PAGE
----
In Assamese we pronounce it as 'Jatra' and thats as it should be. I have no problems with your arguements there, and agree that the magazine be named as such.

  But let us look at it from a different angle. The magazine 'Yatraa' is an English language magazine (so I guess the audience is the rest of India). If they were targetting an Assamese audience, then Jatra would be the right way. 

  "An English language journal named Yaatra is all set to bring Assamese literature to readers, writes Utpal Borpujari" 

  But if the language is English, the audience is non-Assamese, then Jatra may not sell as much - from a marketing stand point. The word 'Jatra' may not carry the meaning journey in some other languages, but Yatraa might.

  Now if your argument is that proper name can have any spelling (which is right in a way) , then why we are trying to change the name of Assam to Asom at all?. Why we changed the name of Gauhati to Guwahati, Calcutta to Kolkata, Bombay to Mumbai etc . Why? These are all just proper names after all. 

  I agree with your assessment as you had indicated in a previous post regarding the historical significance to the English names and so they be kept the same way.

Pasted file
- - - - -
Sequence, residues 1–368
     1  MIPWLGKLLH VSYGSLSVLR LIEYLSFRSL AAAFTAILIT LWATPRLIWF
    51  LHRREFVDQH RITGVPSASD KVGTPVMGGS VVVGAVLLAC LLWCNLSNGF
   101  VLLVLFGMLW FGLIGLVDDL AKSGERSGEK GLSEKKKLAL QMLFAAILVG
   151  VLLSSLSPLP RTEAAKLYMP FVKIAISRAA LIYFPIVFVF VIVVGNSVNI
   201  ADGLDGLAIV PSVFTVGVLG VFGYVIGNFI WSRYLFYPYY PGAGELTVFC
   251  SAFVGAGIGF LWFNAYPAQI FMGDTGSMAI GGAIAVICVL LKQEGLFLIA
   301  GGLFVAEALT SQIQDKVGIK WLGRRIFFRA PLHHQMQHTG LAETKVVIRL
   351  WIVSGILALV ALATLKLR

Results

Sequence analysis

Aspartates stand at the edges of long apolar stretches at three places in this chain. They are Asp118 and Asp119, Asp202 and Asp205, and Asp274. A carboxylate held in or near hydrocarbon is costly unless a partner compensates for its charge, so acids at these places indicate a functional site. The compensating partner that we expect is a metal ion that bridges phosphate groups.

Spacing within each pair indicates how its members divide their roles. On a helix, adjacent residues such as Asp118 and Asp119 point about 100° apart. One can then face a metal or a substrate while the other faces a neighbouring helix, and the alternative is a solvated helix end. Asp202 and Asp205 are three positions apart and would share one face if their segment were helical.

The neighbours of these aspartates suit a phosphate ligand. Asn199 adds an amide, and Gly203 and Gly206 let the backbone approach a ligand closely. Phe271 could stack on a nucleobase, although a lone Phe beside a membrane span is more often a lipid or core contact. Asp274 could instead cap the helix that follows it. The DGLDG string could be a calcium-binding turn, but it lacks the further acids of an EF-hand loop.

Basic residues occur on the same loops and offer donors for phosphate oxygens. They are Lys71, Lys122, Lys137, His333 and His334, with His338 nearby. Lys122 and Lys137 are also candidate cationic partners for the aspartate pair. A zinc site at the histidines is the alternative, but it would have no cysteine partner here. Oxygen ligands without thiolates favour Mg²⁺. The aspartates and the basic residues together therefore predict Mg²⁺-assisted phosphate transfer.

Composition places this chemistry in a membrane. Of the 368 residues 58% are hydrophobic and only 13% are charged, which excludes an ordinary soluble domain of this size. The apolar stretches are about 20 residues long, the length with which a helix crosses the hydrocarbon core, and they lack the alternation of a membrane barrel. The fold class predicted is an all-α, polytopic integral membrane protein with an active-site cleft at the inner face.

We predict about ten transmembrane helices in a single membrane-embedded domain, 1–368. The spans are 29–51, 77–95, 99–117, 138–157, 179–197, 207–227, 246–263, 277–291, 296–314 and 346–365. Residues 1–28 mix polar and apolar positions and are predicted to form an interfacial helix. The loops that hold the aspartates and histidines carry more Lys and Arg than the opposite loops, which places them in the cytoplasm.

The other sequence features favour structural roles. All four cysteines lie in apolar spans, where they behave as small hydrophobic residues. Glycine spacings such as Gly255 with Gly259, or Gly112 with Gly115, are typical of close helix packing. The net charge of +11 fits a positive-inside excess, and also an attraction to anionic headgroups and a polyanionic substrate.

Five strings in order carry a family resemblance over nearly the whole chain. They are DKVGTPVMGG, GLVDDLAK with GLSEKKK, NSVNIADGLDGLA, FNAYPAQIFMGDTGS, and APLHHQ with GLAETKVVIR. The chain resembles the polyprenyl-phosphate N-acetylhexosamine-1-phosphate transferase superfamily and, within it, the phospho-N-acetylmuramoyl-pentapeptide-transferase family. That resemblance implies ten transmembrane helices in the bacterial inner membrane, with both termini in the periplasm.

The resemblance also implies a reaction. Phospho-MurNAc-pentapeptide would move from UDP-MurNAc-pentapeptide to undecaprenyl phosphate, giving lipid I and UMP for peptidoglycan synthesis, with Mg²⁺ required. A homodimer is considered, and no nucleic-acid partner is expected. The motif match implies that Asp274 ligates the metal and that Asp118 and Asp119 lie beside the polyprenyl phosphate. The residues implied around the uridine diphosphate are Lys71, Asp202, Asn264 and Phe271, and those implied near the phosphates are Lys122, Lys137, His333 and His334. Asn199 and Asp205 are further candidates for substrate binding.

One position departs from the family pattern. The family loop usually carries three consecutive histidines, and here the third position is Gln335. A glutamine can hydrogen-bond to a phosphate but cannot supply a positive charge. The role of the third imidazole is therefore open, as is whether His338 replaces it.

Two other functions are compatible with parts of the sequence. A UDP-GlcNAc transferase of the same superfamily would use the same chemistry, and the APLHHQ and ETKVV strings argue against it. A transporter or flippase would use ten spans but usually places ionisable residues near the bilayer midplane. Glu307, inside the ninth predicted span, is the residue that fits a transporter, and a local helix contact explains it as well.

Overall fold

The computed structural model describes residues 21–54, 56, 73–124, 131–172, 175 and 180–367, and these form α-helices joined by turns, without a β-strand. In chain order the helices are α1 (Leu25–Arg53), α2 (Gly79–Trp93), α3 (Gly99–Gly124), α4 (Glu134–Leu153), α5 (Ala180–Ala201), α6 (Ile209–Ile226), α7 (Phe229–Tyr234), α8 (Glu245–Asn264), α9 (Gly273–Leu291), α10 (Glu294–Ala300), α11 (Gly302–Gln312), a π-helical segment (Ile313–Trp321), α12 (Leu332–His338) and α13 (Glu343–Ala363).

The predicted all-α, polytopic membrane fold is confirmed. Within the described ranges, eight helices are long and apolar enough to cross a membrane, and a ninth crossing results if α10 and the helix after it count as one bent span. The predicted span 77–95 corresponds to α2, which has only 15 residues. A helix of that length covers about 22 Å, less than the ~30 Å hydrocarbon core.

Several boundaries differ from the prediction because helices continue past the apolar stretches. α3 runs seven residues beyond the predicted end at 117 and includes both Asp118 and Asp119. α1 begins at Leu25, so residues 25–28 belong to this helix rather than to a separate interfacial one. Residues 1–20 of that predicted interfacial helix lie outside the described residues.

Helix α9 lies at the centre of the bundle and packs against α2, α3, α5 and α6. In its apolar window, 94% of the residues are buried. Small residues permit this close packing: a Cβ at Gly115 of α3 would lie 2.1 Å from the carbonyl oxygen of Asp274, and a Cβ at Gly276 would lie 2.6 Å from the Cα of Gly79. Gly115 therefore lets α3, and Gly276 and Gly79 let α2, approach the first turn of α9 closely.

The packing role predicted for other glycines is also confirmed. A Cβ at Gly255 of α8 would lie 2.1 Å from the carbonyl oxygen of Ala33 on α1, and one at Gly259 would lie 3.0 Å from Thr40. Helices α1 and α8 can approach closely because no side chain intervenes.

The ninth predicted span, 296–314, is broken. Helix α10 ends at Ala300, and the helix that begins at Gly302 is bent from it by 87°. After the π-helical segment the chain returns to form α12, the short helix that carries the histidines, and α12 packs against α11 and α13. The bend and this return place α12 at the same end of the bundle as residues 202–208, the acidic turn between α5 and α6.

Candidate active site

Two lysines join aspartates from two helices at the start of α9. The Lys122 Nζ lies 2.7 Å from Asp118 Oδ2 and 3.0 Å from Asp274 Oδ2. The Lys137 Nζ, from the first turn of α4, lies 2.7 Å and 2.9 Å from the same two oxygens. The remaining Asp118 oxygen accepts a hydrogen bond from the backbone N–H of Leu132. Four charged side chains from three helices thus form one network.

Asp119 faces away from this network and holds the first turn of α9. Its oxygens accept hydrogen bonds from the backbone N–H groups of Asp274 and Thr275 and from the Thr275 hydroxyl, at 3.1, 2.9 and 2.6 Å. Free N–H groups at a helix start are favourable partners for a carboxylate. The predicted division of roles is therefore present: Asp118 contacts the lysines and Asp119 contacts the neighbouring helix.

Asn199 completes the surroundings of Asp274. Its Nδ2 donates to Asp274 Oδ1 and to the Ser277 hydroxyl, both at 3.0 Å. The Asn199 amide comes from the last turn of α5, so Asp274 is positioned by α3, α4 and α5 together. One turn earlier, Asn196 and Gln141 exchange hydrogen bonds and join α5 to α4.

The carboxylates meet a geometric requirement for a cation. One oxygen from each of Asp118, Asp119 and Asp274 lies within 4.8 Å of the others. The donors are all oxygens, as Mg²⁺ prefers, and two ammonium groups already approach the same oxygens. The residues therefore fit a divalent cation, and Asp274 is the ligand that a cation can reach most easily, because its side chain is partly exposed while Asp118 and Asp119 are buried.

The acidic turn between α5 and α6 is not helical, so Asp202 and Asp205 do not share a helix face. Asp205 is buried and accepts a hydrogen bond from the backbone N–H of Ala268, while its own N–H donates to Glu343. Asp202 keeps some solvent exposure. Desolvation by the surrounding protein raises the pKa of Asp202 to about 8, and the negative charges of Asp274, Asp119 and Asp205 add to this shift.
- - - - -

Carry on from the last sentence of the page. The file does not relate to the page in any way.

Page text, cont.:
I brought it up because the example you gave that "Gauhati University" remains the same (even though the city has changed its name). I think it should be so. 

  Not being a linguist of any means, I was thinking only from a marketing point of view. 

  What if we were to translate these Assamese language stories for German readers? What title would you suggest so as to marketl the magazine in Germany?

  --Ram




   
  On 2/14/06, Rajen Barua <barua25 at hotmail.com> wrote: 
    You are right in a way. We can right proper name any whichever way we want to write.  I can write Barua in so many different ways.But please think again what you are talking about. 
    Gariyoshi is an Assamese magazine. I am not asking that Gariyashi should change the name because I am saying so. People will pronounce it GARIOSHI, a pronunciation which does not have any meaning in Assamese language, and that may be perfectly all right to Gariyoshi people.  Let them rest in haven.